Hungarian Quartet: Beethoven String Qt No 7 Op 59/1 'Razumovsky' - La Voz de su Amo LALP 162
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Jacket VG / LP VG / Spanish pressing
This handsome LP from Spanish HMV · La Voz de su Amo (LALP 162, Spanish pressing, red/silver label – ED1, mono) features the Hungarian Quartet in a magnificent account of Beethoven’s String Quartet No. 7 in F Major Op. 59 No. 1 'Razumovsky', taken from their complete cycle recorded at Studio Magellan, Paris, in 1953.
This Beethoven String Quartet cycle by Le Quatuor Hongrois won the 1955 Grand Prix du Disque de l'Academie Charles Cross. At this time, the Hungarian String Quartet was composed of Zoltan Szekely (1st violin), Alexandre Moskowsky (2nd violin), Denes Koromzay (viola), and Vilmos Palotai (cellist) – one of the finest quartets of the last century.
In the authoritative liner notes penned for the Testament CD re-issue of the other two Beethoven ‘Razumovsky’ Quartets (Nos. 8 & 9), the great Tully Potter wrote:
“The title Hungarian Quartet was borne by two great Budapest string ensembles in the first three quarters of the last century. The first, led by Imre Waldbauer, was formed in 1910 to play the chamber music of Béla Bartók, Zoltán Kodály and Leó Weiner - the trio of composers who, in addition to the slightly older Erno Dohnányi, were to carry the flags of Hungarian music and musical education for several decades.
“The Hungarian Quartet toured within Europe and its members, who included the violinist János Temesváry and the cellist Jeno Kerpely as well as several first-rate violists, were very influential. Sadly, no records were made of that ensemble.
“In 1935 a New Hungarian Quartet was formed by violinists Sándor Végh and Peter Szervánsky, violist Dénes Koromzay and cellist Vilmos Palotai. Owing to clashes between the violinists, Szervánsky was soon replaced by László Halmos. The young men made a start on a classical repertoire but specialized in new music including works by Jerzy Fitelberg from Poland, the Englishman Alan Bush the Frenchman André Jolivet and the Swiss Wladimir Vogel, as well as young Hungarian composers from Kodály's class such as Sándor Veress.
“One evening in 1935 Koromzay visited his old teacher Waldbauer with his friend the composer Pál Kadosa to play bridge. "When I entered his living room I saw that there on the piano lay a new Bartók manuscript," Koromzay reminisced to the cellist and writer Claude Kennison. It was the Fifth String Quartet, which Waldbauer and his colleagues had to learn so as to give the first Hungarian performance. Koromzay asked to borrow the score for a few days and next morning appeared with it at his quartet's rehearsal. Their composer friends Kadosa and Veress offered to copy the score and the quartet members wrote out their individual parts from this copy. Koromzay then returned the original to Waldbauer without comment. Having worked furiously on the piece for three or four weeks, the New Hungarian Quartet offered to play it for Bartók. He decided to coach them in it and after ten days, offered them the first Budapest performance. This piece of skulduggery set the young ensemble on their road to success, as the masterful Fifth Quartet became their calling card and they gave the first Vienna performance on 18 February 1936. The New Hungarians also persuaded the ISCM to accept the Bartók work for the 1936 festival in Barcelona, a further stepping stone in their international career.”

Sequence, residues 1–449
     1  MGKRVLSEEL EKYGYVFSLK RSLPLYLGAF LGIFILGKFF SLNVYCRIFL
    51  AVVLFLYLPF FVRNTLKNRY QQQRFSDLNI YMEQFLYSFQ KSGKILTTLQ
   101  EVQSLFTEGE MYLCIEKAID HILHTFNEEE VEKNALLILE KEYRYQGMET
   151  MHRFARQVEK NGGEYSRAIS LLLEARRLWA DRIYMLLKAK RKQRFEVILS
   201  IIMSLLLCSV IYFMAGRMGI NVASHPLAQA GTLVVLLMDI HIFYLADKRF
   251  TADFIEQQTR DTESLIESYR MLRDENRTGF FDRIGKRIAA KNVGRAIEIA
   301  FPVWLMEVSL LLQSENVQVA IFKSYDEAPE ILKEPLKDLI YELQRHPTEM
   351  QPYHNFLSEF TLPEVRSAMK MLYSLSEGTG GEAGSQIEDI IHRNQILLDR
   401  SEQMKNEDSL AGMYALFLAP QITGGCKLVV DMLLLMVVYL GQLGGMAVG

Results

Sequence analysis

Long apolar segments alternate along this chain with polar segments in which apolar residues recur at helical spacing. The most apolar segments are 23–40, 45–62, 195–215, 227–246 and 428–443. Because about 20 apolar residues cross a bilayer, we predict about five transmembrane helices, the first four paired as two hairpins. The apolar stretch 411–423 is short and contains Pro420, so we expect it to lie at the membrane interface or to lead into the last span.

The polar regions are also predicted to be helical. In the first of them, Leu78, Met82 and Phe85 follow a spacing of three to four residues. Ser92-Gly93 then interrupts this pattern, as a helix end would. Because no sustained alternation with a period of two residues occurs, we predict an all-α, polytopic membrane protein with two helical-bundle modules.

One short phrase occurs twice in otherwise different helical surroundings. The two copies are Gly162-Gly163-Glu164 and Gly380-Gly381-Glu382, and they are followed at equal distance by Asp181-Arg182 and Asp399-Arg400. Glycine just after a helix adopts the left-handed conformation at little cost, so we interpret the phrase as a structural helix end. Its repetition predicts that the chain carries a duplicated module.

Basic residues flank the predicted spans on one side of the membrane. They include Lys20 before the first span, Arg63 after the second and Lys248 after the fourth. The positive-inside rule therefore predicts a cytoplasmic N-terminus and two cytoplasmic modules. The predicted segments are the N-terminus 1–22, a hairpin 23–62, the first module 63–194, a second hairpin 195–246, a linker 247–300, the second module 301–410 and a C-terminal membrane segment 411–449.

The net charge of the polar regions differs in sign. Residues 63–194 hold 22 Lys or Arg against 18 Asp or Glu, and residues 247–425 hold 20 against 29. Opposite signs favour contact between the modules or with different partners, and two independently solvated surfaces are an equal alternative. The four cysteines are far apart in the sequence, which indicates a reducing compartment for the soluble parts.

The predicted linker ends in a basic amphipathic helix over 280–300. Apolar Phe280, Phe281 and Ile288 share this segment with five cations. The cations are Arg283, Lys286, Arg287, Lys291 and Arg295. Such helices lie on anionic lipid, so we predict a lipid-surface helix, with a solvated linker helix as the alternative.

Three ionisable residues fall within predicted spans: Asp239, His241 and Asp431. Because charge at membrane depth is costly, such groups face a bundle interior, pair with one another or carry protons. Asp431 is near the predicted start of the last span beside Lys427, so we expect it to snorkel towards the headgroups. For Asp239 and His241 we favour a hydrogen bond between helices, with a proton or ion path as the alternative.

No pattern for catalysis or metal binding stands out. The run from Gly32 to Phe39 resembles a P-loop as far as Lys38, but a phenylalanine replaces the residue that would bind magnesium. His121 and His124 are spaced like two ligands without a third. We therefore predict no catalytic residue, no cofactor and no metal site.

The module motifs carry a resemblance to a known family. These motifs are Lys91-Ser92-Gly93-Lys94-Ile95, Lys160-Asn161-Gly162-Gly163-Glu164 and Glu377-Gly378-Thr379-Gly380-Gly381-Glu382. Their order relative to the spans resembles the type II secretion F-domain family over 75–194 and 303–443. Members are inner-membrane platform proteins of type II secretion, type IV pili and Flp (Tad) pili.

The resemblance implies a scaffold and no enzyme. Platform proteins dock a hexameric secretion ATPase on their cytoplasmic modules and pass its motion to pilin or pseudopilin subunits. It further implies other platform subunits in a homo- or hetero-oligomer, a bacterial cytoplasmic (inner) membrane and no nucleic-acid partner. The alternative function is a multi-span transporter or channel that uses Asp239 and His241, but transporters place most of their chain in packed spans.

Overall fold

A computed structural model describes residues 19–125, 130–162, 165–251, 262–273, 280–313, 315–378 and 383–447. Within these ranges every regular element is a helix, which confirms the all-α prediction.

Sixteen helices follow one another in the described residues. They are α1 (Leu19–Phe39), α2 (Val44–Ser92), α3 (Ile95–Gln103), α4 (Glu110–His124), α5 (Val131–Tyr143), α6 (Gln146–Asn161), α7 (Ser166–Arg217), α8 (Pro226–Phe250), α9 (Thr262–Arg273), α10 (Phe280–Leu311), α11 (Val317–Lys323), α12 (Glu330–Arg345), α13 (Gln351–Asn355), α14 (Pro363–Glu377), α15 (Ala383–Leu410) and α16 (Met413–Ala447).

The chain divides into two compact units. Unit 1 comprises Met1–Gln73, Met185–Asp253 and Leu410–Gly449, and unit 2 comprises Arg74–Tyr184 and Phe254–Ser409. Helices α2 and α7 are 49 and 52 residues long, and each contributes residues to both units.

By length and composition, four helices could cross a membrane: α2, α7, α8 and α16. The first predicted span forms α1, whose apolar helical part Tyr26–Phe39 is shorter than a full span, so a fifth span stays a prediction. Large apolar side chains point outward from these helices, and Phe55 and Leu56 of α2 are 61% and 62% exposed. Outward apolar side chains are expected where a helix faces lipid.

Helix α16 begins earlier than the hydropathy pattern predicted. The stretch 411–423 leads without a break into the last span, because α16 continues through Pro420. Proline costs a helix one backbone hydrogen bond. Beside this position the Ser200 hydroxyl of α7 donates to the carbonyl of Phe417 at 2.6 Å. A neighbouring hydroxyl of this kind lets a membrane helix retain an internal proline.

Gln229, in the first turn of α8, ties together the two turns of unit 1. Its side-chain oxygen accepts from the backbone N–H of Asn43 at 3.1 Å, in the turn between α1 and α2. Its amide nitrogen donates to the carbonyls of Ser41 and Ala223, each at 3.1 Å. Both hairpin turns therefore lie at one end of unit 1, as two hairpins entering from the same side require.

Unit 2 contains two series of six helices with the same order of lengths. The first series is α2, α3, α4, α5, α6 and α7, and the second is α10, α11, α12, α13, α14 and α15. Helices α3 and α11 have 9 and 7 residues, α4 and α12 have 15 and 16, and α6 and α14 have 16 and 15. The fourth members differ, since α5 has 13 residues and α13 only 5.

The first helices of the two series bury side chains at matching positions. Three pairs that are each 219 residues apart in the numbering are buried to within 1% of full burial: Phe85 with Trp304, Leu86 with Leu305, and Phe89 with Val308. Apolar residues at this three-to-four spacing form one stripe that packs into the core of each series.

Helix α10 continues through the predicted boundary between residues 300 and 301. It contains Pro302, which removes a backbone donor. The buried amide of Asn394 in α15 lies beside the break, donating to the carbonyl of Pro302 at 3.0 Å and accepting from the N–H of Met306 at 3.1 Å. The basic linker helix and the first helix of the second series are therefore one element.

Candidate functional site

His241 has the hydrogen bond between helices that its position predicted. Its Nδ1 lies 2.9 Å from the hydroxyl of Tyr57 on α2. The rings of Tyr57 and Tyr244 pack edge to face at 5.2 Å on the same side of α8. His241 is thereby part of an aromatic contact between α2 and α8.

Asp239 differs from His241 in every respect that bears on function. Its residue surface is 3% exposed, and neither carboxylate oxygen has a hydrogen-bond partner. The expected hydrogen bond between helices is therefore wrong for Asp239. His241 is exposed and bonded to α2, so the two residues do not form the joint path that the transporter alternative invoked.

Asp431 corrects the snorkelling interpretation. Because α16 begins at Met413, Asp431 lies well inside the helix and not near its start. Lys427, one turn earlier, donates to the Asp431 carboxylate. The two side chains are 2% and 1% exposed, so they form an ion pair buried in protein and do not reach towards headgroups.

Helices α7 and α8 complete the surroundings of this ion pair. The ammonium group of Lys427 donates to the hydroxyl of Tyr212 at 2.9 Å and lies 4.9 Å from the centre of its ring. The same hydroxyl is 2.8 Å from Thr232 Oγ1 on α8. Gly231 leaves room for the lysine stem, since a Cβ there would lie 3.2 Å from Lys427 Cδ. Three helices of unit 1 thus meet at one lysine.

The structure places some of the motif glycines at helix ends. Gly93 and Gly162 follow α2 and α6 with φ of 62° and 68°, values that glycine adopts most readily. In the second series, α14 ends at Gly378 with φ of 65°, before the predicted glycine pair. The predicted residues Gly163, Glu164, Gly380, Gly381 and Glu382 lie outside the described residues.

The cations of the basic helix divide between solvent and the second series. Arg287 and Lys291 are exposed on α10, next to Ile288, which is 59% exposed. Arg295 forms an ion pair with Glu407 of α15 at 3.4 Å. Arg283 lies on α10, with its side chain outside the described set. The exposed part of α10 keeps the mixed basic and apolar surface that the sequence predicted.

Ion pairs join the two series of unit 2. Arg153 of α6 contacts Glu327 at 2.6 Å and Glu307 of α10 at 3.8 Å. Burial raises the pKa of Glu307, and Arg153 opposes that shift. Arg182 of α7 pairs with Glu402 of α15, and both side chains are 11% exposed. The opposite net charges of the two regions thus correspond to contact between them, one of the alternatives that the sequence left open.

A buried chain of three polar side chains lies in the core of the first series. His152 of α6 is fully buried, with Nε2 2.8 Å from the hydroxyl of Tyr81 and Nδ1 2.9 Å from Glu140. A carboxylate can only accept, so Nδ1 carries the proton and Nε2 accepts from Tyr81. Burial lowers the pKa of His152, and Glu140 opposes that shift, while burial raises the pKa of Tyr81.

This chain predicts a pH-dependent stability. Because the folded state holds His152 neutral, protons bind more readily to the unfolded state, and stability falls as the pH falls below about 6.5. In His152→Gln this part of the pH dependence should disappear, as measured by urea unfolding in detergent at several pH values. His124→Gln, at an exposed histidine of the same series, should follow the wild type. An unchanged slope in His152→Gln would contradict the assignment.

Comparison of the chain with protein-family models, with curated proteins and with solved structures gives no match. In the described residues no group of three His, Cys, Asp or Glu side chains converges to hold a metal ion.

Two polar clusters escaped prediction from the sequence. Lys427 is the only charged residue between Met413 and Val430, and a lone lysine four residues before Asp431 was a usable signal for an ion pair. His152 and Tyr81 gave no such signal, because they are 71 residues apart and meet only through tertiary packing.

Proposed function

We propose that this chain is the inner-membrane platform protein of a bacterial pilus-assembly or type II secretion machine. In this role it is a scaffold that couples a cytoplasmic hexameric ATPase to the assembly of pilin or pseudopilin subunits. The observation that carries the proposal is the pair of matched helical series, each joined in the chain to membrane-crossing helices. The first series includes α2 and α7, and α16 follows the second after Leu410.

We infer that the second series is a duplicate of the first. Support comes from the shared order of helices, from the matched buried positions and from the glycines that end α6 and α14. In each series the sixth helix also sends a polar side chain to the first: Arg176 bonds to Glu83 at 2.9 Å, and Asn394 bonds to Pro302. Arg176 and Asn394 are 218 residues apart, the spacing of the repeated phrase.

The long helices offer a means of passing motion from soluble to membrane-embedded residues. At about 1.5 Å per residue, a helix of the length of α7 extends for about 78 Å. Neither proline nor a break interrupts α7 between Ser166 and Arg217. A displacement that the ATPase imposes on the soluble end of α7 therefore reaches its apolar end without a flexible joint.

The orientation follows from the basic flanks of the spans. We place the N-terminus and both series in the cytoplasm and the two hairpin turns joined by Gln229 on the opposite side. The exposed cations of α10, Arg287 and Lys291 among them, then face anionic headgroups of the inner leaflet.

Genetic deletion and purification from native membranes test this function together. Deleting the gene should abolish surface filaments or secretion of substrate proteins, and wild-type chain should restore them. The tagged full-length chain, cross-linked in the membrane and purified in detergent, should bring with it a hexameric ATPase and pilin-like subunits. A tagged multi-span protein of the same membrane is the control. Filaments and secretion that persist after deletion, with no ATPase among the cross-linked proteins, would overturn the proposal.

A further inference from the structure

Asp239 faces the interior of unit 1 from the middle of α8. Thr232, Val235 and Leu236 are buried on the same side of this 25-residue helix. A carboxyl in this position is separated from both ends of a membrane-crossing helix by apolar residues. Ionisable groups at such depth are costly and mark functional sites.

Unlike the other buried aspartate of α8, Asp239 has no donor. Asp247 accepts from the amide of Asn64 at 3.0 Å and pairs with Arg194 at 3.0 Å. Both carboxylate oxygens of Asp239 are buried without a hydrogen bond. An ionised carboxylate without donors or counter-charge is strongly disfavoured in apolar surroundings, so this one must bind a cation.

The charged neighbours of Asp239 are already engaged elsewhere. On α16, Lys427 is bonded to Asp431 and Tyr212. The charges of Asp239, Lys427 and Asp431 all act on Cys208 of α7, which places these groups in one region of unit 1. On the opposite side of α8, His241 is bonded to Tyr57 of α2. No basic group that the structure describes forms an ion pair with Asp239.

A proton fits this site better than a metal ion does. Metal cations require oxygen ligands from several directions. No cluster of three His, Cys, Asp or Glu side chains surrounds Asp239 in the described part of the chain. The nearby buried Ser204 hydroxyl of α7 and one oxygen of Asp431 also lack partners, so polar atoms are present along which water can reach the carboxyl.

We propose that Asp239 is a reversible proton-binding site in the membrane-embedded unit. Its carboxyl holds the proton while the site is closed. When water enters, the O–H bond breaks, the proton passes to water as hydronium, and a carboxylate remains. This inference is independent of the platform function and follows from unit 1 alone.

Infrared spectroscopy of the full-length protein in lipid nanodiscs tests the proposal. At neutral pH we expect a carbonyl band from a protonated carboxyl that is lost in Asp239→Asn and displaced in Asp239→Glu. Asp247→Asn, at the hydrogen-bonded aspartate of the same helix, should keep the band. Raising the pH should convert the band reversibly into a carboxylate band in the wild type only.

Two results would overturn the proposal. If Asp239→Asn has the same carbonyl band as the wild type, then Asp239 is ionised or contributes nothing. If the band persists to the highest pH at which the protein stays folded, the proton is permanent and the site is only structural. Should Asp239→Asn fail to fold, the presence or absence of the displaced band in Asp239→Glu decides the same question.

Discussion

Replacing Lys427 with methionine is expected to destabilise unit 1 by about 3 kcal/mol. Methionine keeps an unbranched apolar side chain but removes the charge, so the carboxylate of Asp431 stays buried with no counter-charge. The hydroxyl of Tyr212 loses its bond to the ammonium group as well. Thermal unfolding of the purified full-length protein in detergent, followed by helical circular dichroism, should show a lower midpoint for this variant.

The reverse side of the jacket carries extensive and insightful liner notes by Paul Hamburger, provided in Spanish only. The striking cover design is uncredited, though the photo of a bust of Beethoven was taken by Derek Allen for the Royal Philharmonic Society of London.
The gradations of condition I use are as follows: MINT, Near-Mint, Excellent, Very Good, Good, Fair, Poor.
The condition of the jacket is VERY GOOD. There is light edgewear and discoloration, but that is all. There are no seamsplits, owners' markings, bends, or other defects, and the whole remains solid, bright, and attractive – overall, a very good collector's copy.
The condition of the LP itself is VERY GOOD. Though there is light surface noise throughout, in general the playback remains excellent. However, those wanting a flawless or near-MINT copy are kindly advised to look elsewhere. Overall, this rates as a very good collector's copy.